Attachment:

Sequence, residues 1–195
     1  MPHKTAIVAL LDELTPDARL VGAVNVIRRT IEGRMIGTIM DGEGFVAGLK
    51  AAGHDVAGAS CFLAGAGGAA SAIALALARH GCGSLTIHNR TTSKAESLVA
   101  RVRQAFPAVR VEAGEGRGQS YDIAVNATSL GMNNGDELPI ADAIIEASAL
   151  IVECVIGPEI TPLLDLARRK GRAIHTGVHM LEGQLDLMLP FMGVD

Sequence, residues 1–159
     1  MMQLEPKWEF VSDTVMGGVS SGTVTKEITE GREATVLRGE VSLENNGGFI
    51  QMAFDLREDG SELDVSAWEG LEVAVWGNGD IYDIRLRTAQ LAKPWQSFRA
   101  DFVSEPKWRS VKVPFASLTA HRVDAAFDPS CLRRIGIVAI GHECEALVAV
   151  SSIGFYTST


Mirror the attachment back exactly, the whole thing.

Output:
Sequence, residues 1–195
     1  MPHKTAIVAL LDELTPDARL VGAVNVIRRT IEGRMIGTIM DGEGFVAGLK
    51  AAGHDVAGAS CFLAGAGGAA SAIALALARH GCGSLTIHNR TTSKAESLVA
   101  RVRQAFPAVR VEAGEGRGQS YDIAVNATSL GMNNGDELPI ADAIIEASAL
   151  IVECVIGPEI TPLLDLARRK GRAIHTGVHM LEGQLDLMLP FMGVD

Sequence, residues 1–159
     1  MMQLEPKWEF VSDTVMGGVS SGTVTKEITE GREATVLRGE VSLENNGGFI
    51  QMAFDLREDG SELDVSAWEG LEVAVWGNGD IYDIRLRTAQ LAKPWQSFRA
   101  DFVSEPKWRS VKVPFASLTA HRVDAAFDPS CLRRIGIVAI GHECEALVAV
   151  SSIGFYTST